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I am creating an open source project and I want to use an MIT license for that. I have found this page: http://choosealicense.com/licenses/mit/

What should I write under "full name"? Should the group of people, that I am working with be registered as a company? If I am the head developer, and other people are freelancers that I have hired, can I (or should I) just write my own name instead of the company's name?

Under the "year" should I write basically the current year, the years when this project is available as open source or the year this product was released?

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All these details are part of the copyright statement, i.e.

Copyright (c) [year] [fullname]

As such, they should be filled in with the details of the copyright that applies to the licensed work.

[year] is the year copyright was applied. If you apply the copyright (which happens automatically when you write the work) in 2015, put in 2015. Some people like to put in a range of years (i.e. 2015-2020) - this isn't necessary.

[fullname] is the full name of the entity that owns the copyright. If the owning entity is a private individual, put their name in:

Copyright (c) 2015, jackson

If it's a company (and although you may write the code, if you write it for a company, your employment contract probably contains a copyright assignment clause), put in the name of the company:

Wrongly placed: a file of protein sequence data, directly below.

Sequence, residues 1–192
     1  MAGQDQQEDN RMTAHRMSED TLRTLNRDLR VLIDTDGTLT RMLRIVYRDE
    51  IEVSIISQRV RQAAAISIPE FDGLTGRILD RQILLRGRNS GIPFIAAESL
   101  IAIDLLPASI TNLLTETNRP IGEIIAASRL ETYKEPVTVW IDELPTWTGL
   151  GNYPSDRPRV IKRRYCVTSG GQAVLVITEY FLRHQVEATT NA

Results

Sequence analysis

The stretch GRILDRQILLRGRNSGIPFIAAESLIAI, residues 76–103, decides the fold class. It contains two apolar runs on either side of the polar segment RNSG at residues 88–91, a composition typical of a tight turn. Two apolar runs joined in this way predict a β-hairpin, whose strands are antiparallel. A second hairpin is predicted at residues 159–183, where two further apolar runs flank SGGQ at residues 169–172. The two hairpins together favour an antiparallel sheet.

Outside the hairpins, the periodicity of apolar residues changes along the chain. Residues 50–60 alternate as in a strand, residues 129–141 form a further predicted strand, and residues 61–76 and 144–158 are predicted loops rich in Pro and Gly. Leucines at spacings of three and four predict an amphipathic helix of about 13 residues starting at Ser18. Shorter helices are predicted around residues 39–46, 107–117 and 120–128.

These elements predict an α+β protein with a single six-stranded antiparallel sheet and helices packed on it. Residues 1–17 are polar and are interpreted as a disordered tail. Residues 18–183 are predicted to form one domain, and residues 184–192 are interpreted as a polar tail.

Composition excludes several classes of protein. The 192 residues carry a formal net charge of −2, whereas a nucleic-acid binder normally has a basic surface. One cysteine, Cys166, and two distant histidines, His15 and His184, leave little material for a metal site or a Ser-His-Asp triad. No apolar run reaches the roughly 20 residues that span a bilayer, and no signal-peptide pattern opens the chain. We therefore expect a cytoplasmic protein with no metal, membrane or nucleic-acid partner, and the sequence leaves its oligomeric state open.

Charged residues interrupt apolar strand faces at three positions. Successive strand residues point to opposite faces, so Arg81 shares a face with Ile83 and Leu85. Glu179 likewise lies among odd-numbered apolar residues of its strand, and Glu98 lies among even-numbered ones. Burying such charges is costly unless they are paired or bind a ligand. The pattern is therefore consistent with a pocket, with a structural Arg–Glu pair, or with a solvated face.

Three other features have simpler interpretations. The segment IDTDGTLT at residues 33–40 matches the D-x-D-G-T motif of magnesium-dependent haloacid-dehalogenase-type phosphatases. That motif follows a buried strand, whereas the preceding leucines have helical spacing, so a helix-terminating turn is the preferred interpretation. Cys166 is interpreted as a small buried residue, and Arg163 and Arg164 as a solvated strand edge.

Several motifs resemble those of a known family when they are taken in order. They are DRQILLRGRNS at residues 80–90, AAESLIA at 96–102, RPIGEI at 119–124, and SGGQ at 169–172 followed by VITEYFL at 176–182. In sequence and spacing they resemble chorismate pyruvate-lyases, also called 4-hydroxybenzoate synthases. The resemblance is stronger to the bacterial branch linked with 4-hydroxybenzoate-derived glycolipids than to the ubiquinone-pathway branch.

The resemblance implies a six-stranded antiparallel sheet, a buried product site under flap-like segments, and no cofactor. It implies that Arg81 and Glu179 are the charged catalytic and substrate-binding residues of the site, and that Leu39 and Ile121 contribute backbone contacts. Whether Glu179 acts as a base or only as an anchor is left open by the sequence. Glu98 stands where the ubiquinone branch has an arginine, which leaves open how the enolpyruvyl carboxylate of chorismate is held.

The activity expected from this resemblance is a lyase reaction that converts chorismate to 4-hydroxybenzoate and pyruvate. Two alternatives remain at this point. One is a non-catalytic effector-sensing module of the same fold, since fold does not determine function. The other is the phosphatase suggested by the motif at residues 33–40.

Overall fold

Copyright (c) 2015, Stack Exchange, Inc.

Additionally, if you're using choosealicense, each license page has a section called How to apply this license. You can find it on the top of the right-hand column of the page.

  • If I want to put my own name, should I register it somewhere (that this project belongs to me)? Because anyone can call themselves the name I will provide. And what if I will write the nick name? Is it going to be wrong? Why? – jackson Aug 8 '15 at 21:48
  • @jackson Never put a nickname on a project's copyright statement; I've only done that above for illustration. Use your real name. You don't need to register ownership anywhere. – ArtOfCode Aug 8 '15 at 21:49
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    But I am sure that there are people that have the same name and surname as I do. What if they will try to "steal" this project? – jackson Aug 8 '15 at 22:00
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    Consider: every book ever published has someone's ordinary name on the copyright page. Software lives in the same legal universe. – bmargulies Aug 8 '15 at 22:06
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    @bmargulies That's incorrect. Many books are published under a pen name. That does not mean that the copyright can not be enforced. – Philipp Aug 10 '15 at 8:31

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